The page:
Darlene Currie, the late Wendy Ladner-Beaudry and Shirley (Gordon) Olafsson were celebrated in the permanent exhibit celebrating women who have made a difference through sports for girls and women in British Columbia, whether through their own athletic excellence or by increasing opportunities for others. They join 40 additional women and teams who have been honored since the program began.
Darlene Currie, Shirley Olafsson and Michel Beaudry, husband of honoree Wendy Ladner-Beaudry
Despite being born with a clubfoot, honoree Shirley (Gordon) Olafsson became one of the worlds top high jumpers. As a child growing up with a club foot and many surgeries, I was always told I couldn’t do anything in sport, she said. But I grew up and won championships, and I did it against able-bodied people.
Olafsson was so strongly motivated; she adapted the scissor technique in order to compete in the high jump, developing a unique style to accommodate her immovable left ankle. She went on to represent Canada at the 1948 London Olympics, and remained BCs champion jumper from 1945-1952. She also excelled in basketball and field hockey. You just have to keep on going. I struggled and struggled, even though I had not a hope in hell. In addition to her Olympic history, Olafsson has had a long and distinguished career as a coach, administrator and role model.
In Beijing during the 2008 Olympics, Olafsson was the oldest of 852 torch carriers. She has since brought that same Olympic torch into schools, allowing thousands of schoolchildren to run with the torch. Olafsson challenged future Canadian Olympic torchbearers to reach out to their communities in the same fashion, so all Canadians can share in the experience.
Honoree Darlene Currie has inspired and motivated women of all ages with her lifelong participation in sport. Currie played on the Canadian National Women’s basketball team from 1959 to 1968, and then went on to coach the National team before beginning a long career of coaching in schools. Sport is fun, she said simply of her continued involvement with sport. You meet so many people and you want to share the good times.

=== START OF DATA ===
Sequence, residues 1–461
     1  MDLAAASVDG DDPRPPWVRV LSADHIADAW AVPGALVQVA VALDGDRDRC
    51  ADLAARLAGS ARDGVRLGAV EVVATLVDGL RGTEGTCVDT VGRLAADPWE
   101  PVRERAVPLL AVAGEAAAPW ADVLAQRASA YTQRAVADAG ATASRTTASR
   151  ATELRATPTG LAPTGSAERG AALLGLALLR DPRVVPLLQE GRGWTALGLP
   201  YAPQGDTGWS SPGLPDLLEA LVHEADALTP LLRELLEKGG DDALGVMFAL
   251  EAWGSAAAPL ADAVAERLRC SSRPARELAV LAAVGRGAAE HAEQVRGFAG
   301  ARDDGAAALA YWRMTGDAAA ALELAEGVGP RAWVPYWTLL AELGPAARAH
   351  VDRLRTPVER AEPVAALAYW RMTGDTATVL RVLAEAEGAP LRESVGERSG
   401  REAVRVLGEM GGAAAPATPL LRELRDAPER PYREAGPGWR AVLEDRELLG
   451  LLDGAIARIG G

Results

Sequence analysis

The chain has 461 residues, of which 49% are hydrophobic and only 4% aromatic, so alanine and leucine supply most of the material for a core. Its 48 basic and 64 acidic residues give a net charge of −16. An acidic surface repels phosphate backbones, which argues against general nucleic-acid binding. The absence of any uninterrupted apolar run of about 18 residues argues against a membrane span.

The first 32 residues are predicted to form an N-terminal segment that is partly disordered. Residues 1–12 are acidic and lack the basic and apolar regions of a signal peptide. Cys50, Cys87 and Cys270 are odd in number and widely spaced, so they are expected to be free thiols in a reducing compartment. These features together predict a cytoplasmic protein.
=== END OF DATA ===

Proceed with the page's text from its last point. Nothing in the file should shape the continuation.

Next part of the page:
Currie has continued to spread that sense of fun and community her entire life, notably helping to promote the involvement of older women in sports. She was instrumental in starting a curling league for older beginners and won gold in the 2005 World Masters Games with what a later documentary later dubbed, The Oldest Basketball Team in the World.
The late Wendy Ladner-Beaudry was an exceptional mentor, administrator, volunteer and role model, in addition to being a nationally ranked swimmer, a member of BC and Ontario senior field hockey teams, and a Masters Champion in telemark skiing. Just before her death, Ladner-Beaudry was actively engaged in increasing participation among inactive women and girls from less privileged backgrounds than her own.
Kelly Mann, Chief Executive Officer of the B.C. Games Society, summed up Wendy’s considerable influence on her community, Wendy’s ideas were like pebbles dropped in a pond where the ripple effect of that pebble would connect with the ripples of other organizations to become this great wave of change.
An emotional Michel Beaudry spoke on behalf of his deceased wife. Sports can be a social tool for change, he said. If you teach a young woman about sports and fitness, you have a stronger, healthier, happier person. Wendy’s style of activism was personal and intimate. Wendy was not afraid to work with people one at a time, one on one. Beaudry challenged the crowd to continue Wendy’s work of advocacy and inspiration. Its important to realize how much we can change things if we try.